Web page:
Newmont Mining Had a Great 2016. Will It Lose Its Luster in 2017?

By Scott Levine Markets Fool.com

With prices rising as much as 21% last August, gold looked like it was bouncing back last year from the slide that it has endured since 2013. Donald Trump's election put an end to that, though -- from the election to the end of December, the price of gold fell nearly 11%.

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In the midst of this volatility, however, shares of Newmont Mining (NYSE: NEM), a global leader among gold stocks, climbed more than 84%. Let's dig into the company's performance in 2016, and see what we can expect in 2017.


Image source: Getty Images.

The highlights

To say that Newmont Mining was busy last year would be something of an understatement. For one, the company began gold production at two new locations: Merian and Long Canyon. Located in Suriname, Merian -- of which construction was completed on time and 20% below budget -- began commercial operations in October. Management expects annual average production between 400,000 and 500,000 gold ounces with all-in sustaining costs (AISC) between $650 and $750 per gold ounce during the first five years of operation.

Adding to its portfolio of mines in Nevada, Newmont began commercial production of gold at Long Canyon in November. Similar to Merian, Newmont finished construction at Long Canyon two months ahead of schedule and 18% below budget.

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Merian in Suriname. Image source: Newmont Mining.

Management expects the first phase of the project (phase 2 studies are under way)to produce between 100,000 and 150,000 ounces of gold over an expected life of eight years and at an AISC between $500 and $600 per gold ounce.

While bringing new operations online, Newmont was also busy strengthening its portfolio by divesting the Batu Hijau copper and gold mine in Indonesia for a total consideration of $1.3 billion. According to Gary Goldberg, the company's president and CEO, the proceeds from the sale will be used "to continue self-funding our highest-margin projects, retiring debt, and paying competitive dividends."

Another of Newmont's highlights from 2016 was the attention it paid to its dividend. Having distributed $0.025 per share since June 2014, Newmont finally raised it in 2016 -- doubling it to $0.05 per share for the fourth quarter.

An eye on 2017

With a busy 2016 in the rearview mirror, Newmont has several potential growth catalysts in the coming year. The company expects to announce, in the first half of the year, its decisions on whether or not to fund two projects located at the Ahafo Mill in Ghana: Ahafo Mill Expansion and Subika Underground. On the company's Q3 earnings call, Goldberg explained that the Ahafo Mill Expansion would "leverage existing infrastructure to build capacity and improve costs" and the Subika Underground would "produce ore grades that are three times higher than the current surface mine grades." Furthermore, if approved, the two projects wouldadd between 225,000 ounces and 300,000ounces of gold annually with first production in 2018.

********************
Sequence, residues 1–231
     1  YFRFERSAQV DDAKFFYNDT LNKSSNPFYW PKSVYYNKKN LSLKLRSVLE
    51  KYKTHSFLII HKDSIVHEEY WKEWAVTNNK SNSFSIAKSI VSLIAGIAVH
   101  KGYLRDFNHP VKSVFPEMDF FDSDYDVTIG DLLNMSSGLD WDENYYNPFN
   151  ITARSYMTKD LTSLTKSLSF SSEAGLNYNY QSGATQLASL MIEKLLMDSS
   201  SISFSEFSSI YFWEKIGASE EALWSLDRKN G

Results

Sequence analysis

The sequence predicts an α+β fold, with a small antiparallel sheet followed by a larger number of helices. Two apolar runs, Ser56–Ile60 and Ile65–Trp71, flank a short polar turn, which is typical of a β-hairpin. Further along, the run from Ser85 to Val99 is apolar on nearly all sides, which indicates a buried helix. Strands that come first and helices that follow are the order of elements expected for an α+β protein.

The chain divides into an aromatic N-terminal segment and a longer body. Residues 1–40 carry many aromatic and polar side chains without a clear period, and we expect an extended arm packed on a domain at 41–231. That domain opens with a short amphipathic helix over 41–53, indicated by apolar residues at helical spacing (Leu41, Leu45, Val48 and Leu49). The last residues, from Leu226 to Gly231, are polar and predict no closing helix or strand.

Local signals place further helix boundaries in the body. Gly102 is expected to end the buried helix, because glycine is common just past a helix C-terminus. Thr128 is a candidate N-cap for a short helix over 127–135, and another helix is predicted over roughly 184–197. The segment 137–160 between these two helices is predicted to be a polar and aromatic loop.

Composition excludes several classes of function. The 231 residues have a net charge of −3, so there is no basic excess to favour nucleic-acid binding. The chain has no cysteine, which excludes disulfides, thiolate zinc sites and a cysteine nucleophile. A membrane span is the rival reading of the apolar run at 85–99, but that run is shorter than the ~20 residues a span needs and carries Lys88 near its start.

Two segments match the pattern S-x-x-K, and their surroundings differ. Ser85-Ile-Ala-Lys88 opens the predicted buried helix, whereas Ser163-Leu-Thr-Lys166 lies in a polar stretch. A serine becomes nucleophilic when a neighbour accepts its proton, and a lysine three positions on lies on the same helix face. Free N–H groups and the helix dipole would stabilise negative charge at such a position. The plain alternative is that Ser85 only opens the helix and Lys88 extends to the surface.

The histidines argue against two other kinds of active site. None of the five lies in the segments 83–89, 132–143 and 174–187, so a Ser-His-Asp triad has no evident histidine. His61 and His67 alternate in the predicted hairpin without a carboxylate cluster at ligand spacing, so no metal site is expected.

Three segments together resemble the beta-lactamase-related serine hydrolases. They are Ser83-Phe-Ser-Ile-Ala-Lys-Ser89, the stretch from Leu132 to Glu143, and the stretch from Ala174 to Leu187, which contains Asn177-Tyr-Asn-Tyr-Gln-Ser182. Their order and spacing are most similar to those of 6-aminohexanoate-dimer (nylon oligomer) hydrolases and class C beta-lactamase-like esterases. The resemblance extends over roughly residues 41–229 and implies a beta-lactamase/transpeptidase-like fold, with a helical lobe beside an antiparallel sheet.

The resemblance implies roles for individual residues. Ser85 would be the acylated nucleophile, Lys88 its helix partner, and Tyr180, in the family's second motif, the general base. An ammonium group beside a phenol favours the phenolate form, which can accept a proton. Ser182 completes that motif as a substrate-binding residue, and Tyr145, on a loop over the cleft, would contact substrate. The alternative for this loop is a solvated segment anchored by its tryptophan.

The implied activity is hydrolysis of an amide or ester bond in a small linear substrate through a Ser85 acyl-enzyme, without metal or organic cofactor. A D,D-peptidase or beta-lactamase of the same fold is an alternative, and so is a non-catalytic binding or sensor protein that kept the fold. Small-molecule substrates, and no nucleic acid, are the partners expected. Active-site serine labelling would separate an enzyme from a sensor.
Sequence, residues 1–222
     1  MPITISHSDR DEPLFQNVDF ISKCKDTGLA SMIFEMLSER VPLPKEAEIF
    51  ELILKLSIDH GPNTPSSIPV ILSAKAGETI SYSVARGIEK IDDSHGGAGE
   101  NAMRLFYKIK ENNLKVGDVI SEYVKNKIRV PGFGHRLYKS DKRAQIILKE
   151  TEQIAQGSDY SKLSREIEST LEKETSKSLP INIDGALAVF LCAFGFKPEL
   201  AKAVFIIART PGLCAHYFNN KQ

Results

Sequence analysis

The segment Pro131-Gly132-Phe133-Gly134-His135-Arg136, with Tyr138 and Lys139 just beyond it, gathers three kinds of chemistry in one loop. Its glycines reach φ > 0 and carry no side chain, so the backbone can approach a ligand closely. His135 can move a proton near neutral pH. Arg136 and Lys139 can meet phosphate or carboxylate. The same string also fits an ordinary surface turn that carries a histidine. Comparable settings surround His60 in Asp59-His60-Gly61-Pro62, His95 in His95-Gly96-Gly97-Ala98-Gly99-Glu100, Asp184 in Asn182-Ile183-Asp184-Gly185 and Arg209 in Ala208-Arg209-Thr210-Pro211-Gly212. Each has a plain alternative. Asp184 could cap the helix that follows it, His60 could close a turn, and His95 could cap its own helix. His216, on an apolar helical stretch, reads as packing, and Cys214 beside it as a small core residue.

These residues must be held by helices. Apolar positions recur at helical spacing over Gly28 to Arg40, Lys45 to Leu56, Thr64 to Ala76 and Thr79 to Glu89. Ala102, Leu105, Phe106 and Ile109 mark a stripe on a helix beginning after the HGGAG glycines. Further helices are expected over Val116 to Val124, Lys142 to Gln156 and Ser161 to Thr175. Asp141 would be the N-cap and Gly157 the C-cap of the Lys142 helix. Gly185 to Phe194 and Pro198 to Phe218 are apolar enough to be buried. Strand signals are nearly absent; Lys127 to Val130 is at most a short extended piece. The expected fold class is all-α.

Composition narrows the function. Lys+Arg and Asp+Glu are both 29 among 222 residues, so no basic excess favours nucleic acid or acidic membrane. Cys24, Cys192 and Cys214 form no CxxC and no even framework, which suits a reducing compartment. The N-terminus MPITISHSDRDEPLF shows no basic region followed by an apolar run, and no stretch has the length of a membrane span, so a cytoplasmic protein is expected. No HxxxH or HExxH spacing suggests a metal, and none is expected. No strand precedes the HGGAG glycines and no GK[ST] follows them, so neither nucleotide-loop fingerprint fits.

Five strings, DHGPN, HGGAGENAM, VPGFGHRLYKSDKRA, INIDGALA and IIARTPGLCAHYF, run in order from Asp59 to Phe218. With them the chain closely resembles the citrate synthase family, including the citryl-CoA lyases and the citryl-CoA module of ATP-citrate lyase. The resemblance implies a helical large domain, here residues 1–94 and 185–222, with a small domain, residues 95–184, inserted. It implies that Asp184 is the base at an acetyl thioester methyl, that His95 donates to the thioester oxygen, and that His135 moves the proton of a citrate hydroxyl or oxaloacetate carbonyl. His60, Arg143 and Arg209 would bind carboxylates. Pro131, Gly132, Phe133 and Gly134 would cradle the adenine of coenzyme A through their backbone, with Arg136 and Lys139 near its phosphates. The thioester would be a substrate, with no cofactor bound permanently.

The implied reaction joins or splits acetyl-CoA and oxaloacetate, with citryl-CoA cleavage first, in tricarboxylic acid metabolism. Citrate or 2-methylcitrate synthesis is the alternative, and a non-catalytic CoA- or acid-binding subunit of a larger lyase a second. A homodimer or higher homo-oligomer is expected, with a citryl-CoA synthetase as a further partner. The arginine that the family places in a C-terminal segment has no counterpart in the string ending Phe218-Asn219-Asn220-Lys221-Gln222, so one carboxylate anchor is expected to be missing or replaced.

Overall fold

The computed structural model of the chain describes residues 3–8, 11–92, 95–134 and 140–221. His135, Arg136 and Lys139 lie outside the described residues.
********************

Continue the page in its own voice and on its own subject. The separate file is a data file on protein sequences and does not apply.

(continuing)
In addition to Ghana, Newmont is turning its attention to Australia, where it expects to achieve first gold production -- in mid-2017 -- following the completion of its Tanami Expansion Project. For the past three years, Tanami has averaged annual gold production of 368,000 ounces with AISC of $975 per gold ounce. Management estimates that the Tanami Expansion will result in annual gold production between 425,000 and 475,000 ounces on average after its first five full years of operations.

A golden valuation?

We've looked at what's behind Newmont and what's ahead, so let's turn our attention now to its stock. One thing to remember when evaluating mining companies is that assigning a value to an asset, like a mine, is far from cut and dry; consequently, companies may take large writedowns on their assets, resulting in skewed earnings figures. One thing that can't be massaged, though, is cash flow, so foregoing the traditional price-to-earnings ratio,let's consider the stock in terms of its free cash flow on a trailing-12-month basis.

Over the past year, the stock has traded as low as 11.5 times free cash flow and as high as 31.0 times free cash flow. Currently, shares are trading at about 17 times free cash flow, suggesting that shares are priced aggresively. Not cheap, but not egregiously expensive.

It seems insufficient to consider only one valuation metric, so let's also look at it's price-to-sales ratio on a trailing-12-month basis. Trading at about 2.1 times sales, shares are higher than the midpoint of its high and low for the year -- but still look reasonable.

NEM Price to Free Cash Flow (TTM) data by YCharts.

To provide more context for the stock's valuation, let's consider it alongside its peers:Barrick Gold,Goldcorp, Kinross Gold, andYamana Gold. In terms of free cash flow, Newmont's valuation doesn't raise any red flags. And it certainly seems reasonably priced in terms of sales.

NEM Price to Free Cash Flow (TTM) data by YCharts.

Overall,considering where shares are trading today, the stock seems fairly priced.

The takeaway

Shares of Newmont Mining soared in 2016, but there's no guarantee that it will continue flying higher through 2017. In fact, it seems that Wall Street has gotten this one right by avoiding irrational expectations, or punishing it unfairly. Deftly streamlining its portfolio through divestment and execution of projects in its pipeline, Newmont Mining represents a reasonable consideration for investors looking to gain exposure to the gold industry.

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Scott Levine has no position in any stocks mentioned. The Motley Fool has no position in any of the stocks mentioned. The Motley Fool has a disclosure policy.